ANC to explain bank lobbying
Party not on trial at Zondo inquiry, Magashule insists
The ANC is to give the Zondo commission its version of events, after testimony by the country’s big four banks sucked it into the centre of the state capture inquiry. The party is accused of acting on behalf of the controversial Gupta family.
Last month Standard Bank, Absa, FNB and Nedbank testified at the commission on what transpired when they took the decision to close the accounts of the Gupta family and its companies between February and December 2016.
The banks were called to separate meetings at the ANC’s Luthuli House headquarters by then secretary-general Gwede Mantashe, his deputy Jessie Duarte and head of the economic transformation subcommittee Enoch Godongwana. FNB was the only bank not to attend a meeting with the ANC officials.
On Monday Magashule, after a three-day meeting of the national executive committee (NEC), said the ANC would make a submission to the commission led by deputy chief justice Raymond Zondo. It was not clear if it would appear before the commission or make a written submission.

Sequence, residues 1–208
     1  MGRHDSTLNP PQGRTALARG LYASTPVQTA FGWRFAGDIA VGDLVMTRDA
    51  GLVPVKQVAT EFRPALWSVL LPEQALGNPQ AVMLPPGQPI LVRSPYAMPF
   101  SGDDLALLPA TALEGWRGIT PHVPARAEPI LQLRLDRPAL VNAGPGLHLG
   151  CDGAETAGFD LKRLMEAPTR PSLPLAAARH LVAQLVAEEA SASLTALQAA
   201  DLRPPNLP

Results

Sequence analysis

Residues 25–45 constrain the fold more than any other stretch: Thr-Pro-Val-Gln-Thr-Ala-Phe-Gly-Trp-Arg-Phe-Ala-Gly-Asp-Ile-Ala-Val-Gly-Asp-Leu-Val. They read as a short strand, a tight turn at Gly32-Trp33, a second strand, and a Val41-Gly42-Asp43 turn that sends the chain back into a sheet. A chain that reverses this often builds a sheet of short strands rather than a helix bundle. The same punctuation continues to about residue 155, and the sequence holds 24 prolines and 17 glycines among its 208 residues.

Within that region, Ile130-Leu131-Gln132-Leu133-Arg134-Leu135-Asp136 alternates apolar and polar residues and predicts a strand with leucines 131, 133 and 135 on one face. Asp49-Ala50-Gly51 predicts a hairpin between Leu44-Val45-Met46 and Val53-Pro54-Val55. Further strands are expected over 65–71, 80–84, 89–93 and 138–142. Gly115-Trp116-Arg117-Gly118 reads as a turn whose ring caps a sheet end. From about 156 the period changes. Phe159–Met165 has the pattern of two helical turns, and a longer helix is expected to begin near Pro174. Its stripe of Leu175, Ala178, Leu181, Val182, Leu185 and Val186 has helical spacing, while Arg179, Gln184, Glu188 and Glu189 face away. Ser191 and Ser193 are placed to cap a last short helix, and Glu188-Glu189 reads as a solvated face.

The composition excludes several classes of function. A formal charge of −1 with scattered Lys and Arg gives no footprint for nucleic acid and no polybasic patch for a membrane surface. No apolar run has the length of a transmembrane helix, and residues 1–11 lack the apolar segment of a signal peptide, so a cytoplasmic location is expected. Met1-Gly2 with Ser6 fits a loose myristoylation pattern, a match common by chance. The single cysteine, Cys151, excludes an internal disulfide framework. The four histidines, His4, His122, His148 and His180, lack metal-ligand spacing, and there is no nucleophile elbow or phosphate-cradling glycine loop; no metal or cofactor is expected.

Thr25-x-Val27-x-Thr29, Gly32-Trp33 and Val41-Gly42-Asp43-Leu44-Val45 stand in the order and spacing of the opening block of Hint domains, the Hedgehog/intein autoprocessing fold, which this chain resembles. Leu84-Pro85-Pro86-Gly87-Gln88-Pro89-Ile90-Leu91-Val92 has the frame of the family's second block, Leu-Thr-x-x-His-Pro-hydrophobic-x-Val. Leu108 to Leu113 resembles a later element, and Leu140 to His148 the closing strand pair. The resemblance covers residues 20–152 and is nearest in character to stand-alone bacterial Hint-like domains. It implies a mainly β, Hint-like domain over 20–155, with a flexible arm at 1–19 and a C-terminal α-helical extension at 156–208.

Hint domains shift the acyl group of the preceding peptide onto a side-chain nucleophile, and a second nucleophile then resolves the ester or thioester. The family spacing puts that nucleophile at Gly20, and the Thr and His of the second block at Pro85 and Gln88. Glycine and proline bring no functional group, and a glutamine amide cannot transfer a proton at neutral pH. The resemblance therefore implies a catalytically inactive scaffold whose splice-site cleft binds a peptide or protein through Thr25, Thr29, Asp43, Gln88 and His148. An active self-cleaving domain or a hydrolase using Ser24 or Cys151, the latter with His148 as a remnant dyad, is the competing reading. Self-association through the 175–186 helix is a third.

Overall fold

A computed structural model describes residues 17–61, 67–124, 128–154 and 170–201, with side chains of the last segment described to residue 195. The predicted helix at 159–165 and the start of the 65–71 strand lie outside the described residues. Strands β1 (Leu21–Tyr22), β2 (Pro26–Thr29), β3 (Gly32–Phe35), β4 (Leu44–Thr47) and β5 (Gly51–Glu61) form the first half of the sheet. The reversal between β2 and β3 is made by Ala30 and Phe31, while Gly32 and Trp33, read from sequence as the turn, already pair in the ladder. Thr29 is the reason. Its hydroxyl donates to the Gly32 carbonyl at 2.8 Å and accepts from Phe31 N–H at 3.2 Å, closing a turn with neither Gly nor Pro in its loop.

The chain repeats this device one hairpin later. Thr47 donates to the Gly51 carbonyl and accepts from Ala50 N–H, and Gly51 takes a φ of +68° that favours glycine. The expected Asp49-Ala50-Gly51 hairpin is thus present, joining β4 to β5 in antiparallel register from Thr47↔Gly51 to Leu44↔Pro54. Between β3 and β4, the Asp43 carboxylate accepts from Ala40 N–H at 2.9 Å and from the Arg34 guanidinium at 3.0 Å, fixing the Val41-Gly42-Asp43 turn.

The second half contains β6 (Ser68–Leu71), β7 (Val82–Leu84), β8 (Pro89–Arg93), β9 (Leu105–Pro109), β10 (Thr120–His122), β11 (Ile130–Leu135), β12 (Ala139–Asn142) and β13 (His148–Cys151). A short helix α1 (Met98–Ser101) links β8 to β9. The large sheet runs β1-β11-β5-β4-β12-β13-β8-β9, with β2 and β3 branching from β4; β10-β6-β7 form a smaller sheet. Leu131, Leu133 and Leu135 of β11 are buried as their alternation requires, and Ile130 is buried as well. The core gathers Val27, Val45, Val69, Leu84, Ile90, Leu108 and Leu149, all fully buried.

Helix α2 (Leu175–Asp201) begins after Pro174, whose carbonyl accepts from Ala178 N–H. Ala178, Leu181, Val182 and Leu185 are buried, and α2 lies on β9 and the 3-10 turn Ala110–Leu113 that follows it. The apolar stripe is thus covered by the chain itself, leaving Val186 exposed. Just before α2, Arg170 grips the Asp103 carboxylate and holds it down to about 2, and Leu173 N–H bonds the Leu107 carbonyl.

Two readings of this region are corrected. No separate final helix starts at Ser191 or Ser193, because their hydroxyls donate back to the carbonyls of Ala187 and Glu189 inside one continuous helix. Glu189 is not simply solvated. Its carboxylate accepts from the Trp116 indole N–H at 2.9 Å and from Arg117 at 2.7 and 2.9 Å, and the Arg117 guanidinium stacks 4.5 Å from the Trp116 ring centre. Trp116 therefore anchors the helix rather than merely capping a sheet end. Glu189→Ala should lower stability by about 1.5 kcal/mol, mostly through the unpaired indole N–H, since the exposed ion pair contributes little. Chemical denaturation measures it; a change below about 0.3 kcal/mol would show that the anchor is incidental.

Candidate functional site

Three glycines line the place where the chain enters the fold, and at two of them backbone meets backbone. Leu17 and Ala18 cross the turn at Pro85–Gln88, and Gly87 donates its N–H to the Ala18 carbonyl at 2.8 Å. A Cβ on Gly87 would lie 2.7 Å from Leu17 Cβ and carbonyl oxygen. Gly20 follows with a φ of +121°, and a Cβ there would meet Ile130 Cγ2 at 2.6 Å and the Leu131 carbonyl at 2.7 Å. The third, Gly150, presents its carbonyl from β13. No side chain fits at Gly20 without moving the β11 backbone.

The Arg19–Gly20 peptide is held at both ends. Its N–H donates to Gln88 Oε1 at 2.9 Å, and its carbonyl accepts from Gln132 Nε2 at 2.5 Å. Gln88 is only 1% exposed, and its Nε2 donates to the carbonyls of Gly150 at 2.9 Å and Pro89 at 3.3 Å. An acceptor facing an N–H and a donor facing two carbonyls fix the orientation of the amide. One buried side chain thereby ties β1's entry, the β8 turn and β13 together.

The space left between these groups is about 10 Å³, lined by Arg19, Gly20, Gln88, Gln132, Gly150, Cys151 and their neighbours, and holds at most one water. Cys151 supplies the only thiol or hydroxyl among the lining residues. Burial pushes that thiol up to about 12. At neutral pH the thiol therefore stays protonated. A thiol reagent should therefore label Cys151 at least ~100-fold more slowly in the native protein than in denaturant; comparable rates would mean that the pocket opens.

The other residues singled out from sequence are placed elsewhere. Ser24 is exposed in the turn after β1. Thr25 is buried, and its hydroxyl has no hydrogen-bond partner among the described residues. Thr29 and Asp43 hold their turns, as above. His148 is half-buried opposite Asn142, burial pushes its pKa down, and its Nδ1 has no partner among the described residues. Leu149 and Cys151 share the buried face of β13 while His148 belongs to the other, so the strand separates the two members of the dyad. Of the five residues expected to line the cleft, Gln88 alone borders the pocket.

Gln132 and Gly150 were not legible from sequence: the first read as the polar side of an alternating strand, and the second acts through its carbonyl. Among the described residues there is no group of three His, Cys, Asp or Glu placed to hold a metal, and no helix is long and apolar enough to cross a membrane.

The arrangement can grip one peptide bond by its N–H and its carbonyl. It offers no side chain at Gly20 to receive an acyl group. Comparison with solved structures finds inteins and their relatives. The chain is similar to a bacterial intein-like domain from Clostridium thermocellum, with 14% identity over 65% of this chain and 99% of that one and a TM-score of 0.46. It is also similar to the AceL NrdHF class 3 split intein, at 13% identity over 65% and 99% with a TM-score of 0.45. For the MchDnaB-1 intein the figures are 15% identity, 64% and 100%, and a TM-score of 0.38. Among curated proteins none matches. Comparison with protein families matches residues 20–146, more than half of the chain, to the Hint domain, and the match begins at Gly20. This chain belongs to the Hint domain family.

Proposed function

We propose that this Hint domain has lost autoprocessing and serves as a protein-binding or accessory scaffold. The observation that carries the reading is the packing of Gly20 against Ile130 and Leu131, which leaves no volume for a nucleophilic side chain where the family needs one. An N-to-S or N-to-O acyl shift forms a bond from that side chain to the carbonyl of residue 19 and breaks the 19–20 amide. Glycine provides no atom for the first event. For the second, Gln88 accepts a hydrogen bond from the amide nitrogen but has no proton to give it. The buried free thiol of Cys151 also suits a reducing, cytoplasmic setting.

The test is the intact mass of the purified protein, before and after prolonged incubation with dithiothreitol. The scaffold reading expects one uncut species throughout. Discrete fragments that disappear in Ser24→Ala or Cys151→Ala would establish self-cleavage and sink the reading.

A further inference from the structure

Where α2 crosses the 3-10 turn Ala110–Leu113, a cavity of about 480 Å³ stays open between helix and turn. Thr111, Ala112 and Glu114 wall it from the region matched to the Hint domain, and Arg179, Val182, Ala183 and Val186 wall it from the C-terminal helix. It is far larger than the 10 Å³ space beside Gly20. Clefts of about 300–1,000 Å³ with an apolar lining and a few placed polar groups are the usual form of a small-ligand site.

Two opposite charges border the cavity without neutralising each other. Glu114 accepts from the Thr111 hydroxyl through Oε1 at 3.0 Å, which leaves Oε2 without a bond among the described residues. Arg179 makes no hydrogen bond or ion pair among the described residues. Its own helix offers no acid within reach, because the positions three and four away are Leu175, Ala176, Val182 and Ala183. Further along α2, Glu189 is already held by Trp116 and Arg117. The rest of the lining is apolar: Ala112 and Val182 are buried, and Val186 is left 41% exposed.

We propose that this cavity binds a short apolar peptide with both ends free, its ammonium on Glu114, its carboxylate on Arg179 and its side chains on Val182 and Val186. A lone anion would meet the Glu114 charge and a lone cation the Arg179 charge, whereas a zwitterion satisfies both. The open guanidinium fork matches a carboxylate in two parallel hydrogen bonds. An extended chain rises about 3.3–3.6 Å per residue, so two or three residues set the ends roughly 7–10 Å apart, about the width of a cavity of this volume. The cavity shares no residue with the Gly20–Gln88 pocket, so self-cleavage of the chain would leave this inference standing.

Magashule said the party would be guided by President Cyril Ramaphosa on the matter.
He said it was the ANC-led government which had set up the commission.
"We remain firm in our belief that the ANC is not on trial, but that this process is aimed at getting at the truth about this very painful part of our recent history," Magashule said.
"The ANC has stated its position and will go there and respond to issues raised by the banks. It is our own creation, we can’t run away …"
The inquiry was part of the recommendations made by former public protector Thuli Madonsela in 2016 after she had investigated state capture and the political and administrative influence of the Guptas, Former president Jacob Zuma tried to take the report on judicial review but was unsuccessful.
On the alleged plot to oust Ramaphosa, Magashule said the NEC agreed that the matter be discussed by the officials, who would then report back "with a view to lay this matter to rest".
The Sunday Times last month reported that Magashule, former North West premier Supra Mahumapelo, and others were meeting with Zuma to plot the removal of Ramaphosa.
Magashule has admitted to meeting Zuma but said there was no plot.
On Monday, he said he and Ramaphosa had a good working relationship. "Me and comrade Cyril Ramaphosa, we won’t allow any wedge drivers to come in between us, we will stay focused and we are going to work together and we will continue to work together."
At the Cosatu conference last month, Ramaphosa said of those alleged to have been involved in a plot that such actions were counterrevolutionary.